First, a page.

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A Senate committee investigative report released today finds that fusion centers -  massive Department of Homeland Security (DHS) undertakings touted as a solution to "information sharing" - are a colossal waste of taxpayer money and do little, if anything, to improve national security. The New York Times on the report:

The report found that the centers “forwarded intelligence of uneven quality — oftentimes shoddy, rarely timely, sometimes endangering citizens’ civil liberties and Privacy Act protections, occasionally taken from already published public sources, and more often than not unrelated to terrorism.”
The Senate report contains evidence of fusion centers' needless invasion Americans' privacy rights, useless intelligence reporting, pervasive lack of oversight, and complete inability to account for the taxpayers money. DHS can't even give a definite number about how much taxpayer money it has spent on the fusion centers, and the margin of error is way bigger than the Powerball jackpot. WaPo reported:
[the Senate report says] oversight has been so lax that department officials do not know exactly how much has been spent on the centers. The official estimates varied between $289 million and $1.4 billion.
Government could have saved American taxpayers a few hundred million by listening to the American Civil Liberties Union (ACLU) when it warned back in 2007 that the developing fusion centers lacked proper oversight and endangered Americans' privacy rights. Five years ago, the ACLU reported that fusion centers
. . . raise very serious privacy issues . . . [and] there are serious questions about whether data fusion is an effective means of preventing terrorism in the first place, and whether funding the development of these centers is a wise investment of finite public safety resources.
The ACLU's report warned:
The lack of proper legal limits on the new fusion centers not only threatens to undermine fundamental American values, but also threatens to turn them into wasteful and misdirected bureaucracies that, like our federal security agencies before 9/11, won't succeed in their ultimate mission of stopping terrorism and other crime.
Dana Priest and Bill Arkin's book Top Secret America contained similar warning signs:
The issue of wasteful duplication, represented by the many fusion centers, the many agencies doing the same work, the many contracts and research projects on information operations, was not just a question of money down the drain. Sometimes redundancy actually impeded an agency's mission.
(pg. 93-94).

Nonetheless, DHS, under both the G.W. Bush and Obama administrations, has continued to empower and fund fusion centers.

Likewise, presidents of both political parties have been pumping up the now-monstrous DHS for a decade now. The fusion centers' failures are endemic of larger problems with the bloated, expensive DHS. From NYT:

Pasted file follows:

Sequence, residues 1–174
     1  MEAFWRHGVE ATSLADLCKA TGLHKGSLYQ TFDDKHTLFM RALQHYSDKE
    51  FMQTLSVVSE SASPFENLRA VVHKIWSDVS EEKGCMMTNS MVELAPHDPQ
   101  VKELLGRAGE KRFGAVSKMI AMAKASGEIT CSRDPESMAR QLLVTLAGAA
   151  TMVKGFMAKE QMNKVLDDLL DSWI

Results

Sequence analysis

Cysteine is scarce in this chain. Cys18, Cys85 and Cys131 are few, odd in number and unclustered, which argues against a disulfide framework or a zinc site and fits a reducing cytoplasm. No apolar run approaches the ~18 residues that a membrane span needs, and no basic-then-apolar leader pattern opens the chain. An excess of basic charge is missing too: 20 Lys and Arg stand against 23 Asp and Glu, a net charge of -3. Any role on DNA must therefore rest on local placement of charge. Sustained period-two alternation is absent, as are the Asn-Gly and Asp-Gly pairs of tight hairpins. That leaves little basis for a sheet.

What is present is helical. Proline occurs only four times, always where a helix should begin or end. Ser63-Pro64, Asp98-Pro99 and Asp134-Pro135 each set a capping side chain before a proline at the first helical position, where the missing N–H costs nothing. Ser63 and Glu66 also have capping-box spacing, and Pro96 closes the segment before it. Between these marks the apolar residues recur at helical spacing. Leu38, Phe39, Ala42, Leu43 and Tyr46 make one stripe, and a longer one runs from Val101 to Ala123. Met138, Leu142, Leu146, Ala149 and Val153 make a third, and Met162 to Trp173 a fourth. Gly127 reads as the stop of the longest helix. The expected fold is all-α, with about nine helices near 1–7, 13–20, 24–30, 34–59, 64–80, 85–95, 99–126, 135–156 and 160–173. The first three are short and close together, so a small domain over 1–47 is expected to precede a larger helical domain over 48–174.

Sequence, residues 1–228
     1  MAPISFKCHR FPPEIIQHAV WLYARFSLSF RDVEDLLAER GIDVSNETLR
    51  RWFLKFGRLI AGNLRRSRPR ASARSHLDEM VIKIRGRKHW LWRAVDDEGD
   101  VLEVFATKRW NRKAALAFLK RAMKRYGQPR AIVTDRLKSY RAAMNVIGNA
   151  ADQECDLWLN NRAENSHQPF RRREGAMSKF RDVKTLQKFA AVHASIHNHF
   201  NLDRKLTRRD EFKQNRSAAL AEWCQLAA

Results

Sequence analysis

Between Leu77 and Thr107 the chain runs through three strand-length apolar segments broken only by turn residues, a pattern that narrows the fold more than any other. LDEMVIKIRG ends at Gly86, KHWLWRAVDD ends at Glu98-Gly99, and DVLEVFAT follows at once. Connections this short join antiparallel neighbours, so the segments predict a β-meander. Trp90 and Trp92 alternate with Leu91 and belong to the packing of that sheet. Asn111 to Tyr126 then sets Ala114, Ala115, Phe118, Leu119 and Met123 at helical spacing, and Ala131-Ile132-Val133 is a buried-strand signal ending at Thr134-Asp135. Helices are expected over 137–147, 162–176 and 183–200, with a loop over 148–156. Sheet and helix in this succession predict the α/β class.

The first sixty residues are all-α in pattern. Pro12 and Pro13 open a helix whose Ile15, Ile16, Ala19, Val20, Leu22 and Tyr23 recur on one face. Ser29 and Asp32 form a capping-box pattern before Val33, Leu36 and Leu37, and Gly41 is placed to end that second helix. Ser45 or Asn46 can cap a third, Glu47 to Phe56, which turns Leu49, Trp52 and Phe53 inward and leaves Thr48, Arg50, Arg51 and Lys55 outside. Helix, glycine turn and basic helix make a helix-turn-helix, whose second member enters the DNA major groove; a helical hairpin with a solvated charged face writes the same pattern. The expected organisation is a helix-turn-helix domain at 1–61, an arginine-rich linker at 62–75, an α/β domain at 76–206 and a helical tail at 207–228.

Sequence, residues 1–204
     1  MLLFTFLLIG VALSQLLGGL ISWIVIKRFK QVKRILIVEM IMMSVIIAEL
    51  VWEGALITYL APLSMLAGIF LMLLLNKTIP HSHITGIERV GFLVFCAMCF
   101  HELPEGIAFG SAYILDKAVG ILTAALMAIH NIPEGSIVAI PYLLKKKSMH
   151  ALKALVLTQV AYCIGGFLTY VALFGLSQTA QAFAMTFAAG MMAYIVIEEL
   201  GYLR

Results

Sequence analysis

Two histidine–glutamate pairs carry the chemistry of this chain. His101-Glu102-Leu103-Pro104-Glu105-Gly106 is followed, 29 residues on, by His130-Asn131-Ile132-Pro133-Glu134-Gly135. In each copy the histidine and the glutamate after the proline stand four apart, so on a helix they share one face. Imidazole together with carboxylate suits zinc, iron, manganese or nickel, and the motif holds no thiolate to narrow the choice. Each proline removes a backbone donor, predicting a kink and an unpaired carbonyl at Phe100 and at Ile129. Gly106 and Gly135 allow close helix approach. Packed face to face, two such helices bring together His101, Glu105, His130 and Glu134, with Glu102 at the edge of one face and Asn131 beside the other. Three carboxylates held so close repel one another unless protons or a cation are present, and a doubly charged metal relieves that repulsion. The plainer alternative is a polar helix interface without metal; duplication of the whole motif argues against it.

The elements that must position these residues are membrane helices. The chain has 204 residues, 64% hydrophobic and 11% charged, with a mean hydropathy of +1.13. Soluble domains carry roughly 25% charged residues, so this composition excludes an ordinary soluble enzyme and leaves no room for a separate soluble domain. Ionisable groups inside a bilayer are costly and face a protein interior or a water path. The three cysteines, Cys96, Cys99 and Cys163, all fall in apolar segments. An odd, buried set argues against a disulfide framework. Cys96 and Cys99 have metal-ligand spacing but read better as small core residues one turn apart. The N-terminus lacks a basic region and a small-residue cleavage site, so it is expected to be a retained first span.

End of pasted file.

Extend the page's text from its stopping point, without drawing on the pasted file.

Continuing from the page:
The report on the dysfunctional nature of the fusion centers makes clear that in the decade since the department was created, Homeland Security has not carved out a clear counterterror mission that does not overlap with those of other agencies.

Press reports highlighted some of the most ridiculous wastes of American taxpayer money in the Senate report:

More than $2 million was spent on a center for Philadelphia that never opened. In Ohio, officials used the money to buy rugged laptop computers and then gave them to a local morgue. San Diego officials bought 55 flat-screen televisions to help them collect “open-source intelligence” — better known as cable television news.
. . . the report documents spending on items that did little to help share intelligence, including gadgets such as “shirt button” cameras, $6,000 laptops and big-screen televisions. One fusion center spent $45,000 on a decked-out SUV that a city official used for commuting.
The dysfunction of the centers could sometimes have bizarre and comic results. Last November, for example, an Illinois center reported that Russian hackers had broken into the computer system of a local water district in Springfield and sent computer commands that triggered a water pump to burn out. But it turned out that a repair technician had remotely accessed the water district’s computer system while he was on vacation in Russia.
A third or more of the reports intended for officials in Washington were discarded because they lacked useful information, had been drawn from media accounts or involved potentially illegal surveillance of U.S. citizens, according to the Senate report.
The Senate report should serve as a wake-up call for the Executive branch, years and billions of taxpayer dollars in the making, that simply throwing money at the problem of national security - and into the hands of private contractors - does not make us any safer. Americans are paying the price with their money, their privacy rights and their First Amendment freedoms, but are not buying any better security.

On a wholly separate note, there is a must-read piece in The Atlantic, which discusses the war on whistleblowers.

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